03/06/2014 19:58 BST | Updated 03/06/2014 19:59 BST

Wayne Rooney's Left Wing England Role Benefits No One

The prospect of Wayne Rooney starting on England's left wing is potentially as catastrophic as when Darius Vassell or Emile Heskey did.

Those were the days when England played "four-four-fucking-two" yet could not find a left winger worthy of that slot. It was an era when Ryan Giggs was heckled for representing England only at schoolboys level, even though he could never actually attain full honours. Now, in an age where four-four-two is considered suicidal, England's lack of left-wingers it is not worthy of back page splashes. That all changed this morning.

Roy Hodgson claims Rooney could start there to continue "recovering his match fitness", having missed Manchester United's final three matches of the season. He arguably needs an hour against both Ecuador on Wednesday and Honduras on Saturday, but if Rooney is to excel at the World Cup he should be deployed centrally. Ostracising him out wide is just another excuse for a player whose tournament history is synonymous with injury and impotency.

“The thinking behind Wayne starting a second game is he only played 60 minutes the other day [against Peru at Wembley on Friday],” Hodgson said. “He didn’t play many games before he joined us. We think that he’s recovering his match fitness. We think that starting a game will be to his advantage, and we’ll see how long he plays.”

Rooney trains at the Sun Life Stadium in Miami on Tuesday

“He can do that, absolutely,” the England manager told daily newspaper journalists of Rooney’s position on the flank. “He can play centre forward, behind the centre forward and wide. If he’s done all of those things at the very top level for Manchester United, there is no reason why I can’t use him in those positions as well.

“There is a real obsession with Wayne which I don’t necessarily share. You relate back always to ‘X’ World Cups and episodes in the past. But Wayne is one of my 23 players. I’m very happy to have him here. I don’t have to share the obsession that he has to play here or he has to play that. As far as I’m concerned, I look at the players at my disposal and decide what they need and what we need. Then I expect them to do it.”

Hodgson is beginning to bristle at questions regarding Rooney's role in the team. Gary Lineker, who irked him following the dull 0-0 draw in Ukraine, diplomatically questioned Rooney's starting berth at the weekend and the United striker is no longer the "big man" he billed himself as at the 2006 World Cup.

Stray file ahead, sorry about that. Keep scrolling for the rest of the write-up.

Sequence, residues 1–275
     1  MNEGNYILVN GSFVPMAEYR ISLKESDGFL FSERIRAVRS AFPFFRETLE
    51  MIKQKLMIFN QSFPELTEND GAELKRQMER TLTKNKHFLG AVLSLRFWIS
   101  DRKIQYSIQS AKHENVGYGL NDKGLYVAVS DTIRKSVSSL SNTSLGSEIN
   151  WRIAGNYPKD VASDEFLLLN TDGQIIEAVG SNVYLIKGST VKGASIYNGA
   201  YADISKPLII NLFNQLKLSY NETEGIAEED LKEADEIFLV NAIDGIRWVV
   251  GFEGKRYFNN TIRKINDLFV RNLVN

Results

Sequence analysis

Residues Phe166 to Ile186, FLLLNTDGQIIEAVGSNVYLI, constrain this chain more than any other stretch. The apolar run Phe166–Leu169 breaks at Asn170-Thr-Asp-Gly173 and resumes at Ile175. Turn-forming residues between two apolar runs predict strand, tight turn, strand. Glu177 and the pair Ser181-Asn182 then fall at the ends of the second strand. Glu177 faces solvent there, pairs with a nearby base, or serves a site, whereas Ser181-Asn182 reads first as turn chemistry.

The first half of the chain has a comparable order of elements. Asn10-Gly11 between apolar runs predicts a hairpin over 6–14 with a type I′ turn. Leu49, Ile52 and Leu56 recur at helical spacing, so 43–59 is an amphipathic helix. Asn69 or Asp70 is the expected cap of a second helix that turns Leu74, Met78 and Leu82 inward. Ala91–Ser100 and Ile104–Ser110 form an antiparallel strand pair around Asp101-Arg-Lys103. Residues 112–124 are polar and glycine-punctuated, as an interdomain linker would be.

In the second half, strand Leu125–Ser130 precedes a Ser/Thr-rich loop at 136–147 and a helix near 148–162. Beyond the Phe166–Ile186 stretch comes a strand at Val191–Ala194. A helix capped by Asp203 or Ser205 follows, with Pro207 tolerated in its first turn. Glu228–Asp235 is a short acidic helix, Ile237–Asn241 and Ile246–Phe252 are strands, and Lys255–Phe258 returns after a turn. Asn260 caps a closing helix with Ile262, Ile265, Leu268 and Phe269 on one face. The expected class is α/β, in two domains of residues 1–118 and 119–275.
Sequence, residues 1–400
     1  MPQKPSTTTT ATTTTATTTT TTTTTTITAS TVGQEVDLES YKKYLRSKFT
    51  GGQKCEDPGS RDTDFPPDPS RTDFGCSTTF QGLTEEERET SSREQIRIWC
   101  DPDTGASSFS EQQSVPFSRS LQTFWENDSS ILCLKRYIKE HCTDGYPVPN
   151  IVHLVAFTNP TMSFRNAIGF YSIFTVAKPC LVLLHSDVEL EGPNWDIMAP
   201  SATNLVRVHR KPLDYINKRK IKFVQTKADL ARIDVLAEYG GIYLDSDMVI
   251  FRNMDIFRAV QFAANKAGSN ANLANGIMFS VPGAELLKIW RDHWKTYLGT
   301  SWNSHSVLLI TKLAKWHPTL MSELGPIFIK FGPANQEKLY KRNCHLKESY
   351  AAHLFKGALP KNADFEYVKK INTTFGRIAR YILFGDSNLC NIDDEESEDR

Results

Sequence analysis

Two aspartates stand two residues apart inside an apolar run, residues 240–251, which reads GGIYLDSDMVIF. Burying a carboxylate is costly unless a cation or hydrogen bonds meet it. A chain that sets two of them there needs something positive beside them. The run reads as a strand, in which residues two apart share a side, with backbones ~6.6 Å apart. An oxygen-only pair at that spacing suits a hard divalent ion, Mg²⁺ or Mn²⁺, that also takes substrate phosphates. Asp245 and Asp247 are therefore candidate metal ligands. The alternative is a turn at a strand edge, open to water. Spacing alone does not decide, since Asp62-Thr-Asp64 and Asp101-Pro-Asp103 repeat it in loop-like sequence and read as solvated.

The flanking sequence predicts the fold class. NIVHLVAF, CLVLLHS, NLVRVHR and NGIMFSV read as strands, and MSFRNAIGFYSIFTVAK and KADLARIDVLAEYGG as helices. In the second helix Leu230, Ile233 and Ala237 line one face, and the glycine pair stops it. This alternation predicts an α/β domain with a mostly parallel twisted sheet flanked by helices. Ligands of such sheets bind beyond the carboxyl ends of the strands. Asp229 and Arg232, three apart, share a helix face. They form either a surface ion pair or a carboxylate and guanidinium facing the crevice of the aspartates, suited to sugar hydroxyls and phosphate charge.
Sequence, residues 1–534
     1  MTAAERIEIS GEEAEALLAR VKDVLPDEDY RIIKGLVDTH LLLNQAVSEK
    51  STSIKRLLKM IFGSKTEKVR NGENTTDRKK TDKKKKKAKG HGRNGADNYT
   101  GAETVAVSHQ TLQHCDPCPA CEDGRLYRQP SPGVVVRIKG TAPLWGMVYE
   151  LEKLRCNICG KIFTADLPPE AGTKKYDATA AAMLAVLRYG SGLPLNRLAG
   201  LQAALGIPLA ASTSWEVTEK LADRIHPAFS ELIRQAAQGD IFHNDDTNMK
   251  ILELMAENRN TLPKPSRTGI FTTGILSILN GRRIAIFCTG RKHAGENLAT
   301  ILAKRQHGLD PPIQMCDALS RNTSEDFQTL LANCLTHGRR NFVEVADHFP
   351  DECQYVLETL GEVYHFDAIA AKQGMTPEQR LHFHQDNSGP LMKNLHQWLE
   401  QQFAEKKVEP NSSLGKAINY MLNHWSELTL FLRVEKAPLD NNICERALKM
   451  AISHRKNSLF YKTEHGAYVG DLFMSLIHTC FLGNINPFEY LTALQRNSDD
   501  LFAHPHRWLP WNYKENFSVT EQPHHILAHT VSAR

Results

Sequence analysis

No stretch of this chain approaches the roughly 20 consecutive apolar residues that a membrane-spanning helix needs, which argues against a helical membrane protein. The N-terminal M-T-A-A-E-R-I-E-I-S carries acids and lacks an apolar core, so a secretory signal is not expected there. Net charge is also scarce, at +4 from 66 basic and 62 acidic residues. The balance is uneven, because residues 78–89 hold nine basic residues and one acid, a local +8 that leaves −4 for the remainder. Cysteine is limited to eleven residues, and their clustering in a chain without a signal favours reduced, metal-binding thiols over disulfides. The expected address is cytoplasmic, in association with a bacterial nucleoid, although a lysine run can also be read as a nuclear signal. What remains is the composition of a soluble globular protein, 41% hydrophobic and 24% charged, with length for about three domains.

The friendly with Ecuador will see Rickie Lambert and Ross Barkley start in their preferred positions at No.9 and No.10, traditionally Rooney's coveted spots. There is so little to gain from crowbarring Rooney into the team on the left when he just has to accept he must earn his place in the England side for the first time in 10 years.

Rooney in a wide role is so desperate and daft a move even Sir Alex Ferguson stopped playing him there five years ago. Following an assist for Paul Scholes at Sunderland and two goals against Tottenham in April 2009, Ferguson prematurely compared Rooney to Lionel Messi, then thriving on the right for Barcelona. The comparison was that Rooney could operate in a role which enabled him to cut inside and cause damage, only Ferguson was playing him there merely to accommodate Cristiano Ronaldo.

Rooney produced an outstanding two-goal display from the left wing against Tottenham in 2009

United's devastating dismissal of Arsenal in the 2009 Champions League semi-final convinced Ferguson to persevere with Rooney out wide. Ronaldo blitzed the Gunners in a central role whilst Rooney did the donkey work on the wing, assisting the Portuguese's finish to a coruscating counter-attack at the Emirates Stadium.

Rooney was marginalised, though. He started on the left during United's 2008 Champions League campaign and was substituted in the Moscow final, with his only noteworthy contribution a sensational diagonal pass to Ronaldo, whose cross was almost converted by Carlos Tévez. In 2009, Rooney was outwitted by Carles Puyol in Rome.

That was Ronaldo's last game for United and the end of Rooney's stint on the touchline. Ferguson meddled with Rooney's positioning and coached the joy out of him, yet even he knew he was wasted in a position Ryan Giggs played in for 15 years. Not only was Rooney not enamoured by the prerequisites of a winger, but he was not naturally fit enough to fulfil them.

England coaches have difficulty dropping name players. Steven Gerrard and Frank Lampard are still selected three managers and a decade on from when they began subordinating each other, the disciplinarian Fabio Capello resisted demoting David Beckham despite playing his club career in the MLS retirement home and Hodgson is already struggling to justify Rooney's inclusion.

Hodgson did have the balls to overlook Ashley Cole in favour of a teenager with 45 minutes of international experience for a World Cup, and while many disagreed with that decision, it showed he was prepared to make difficult decisions.

Rooney, however, was a regular for his club last season, unlike Cole, and is 28, not 33. He poses a bigger conundrum than Vassell or Heskey.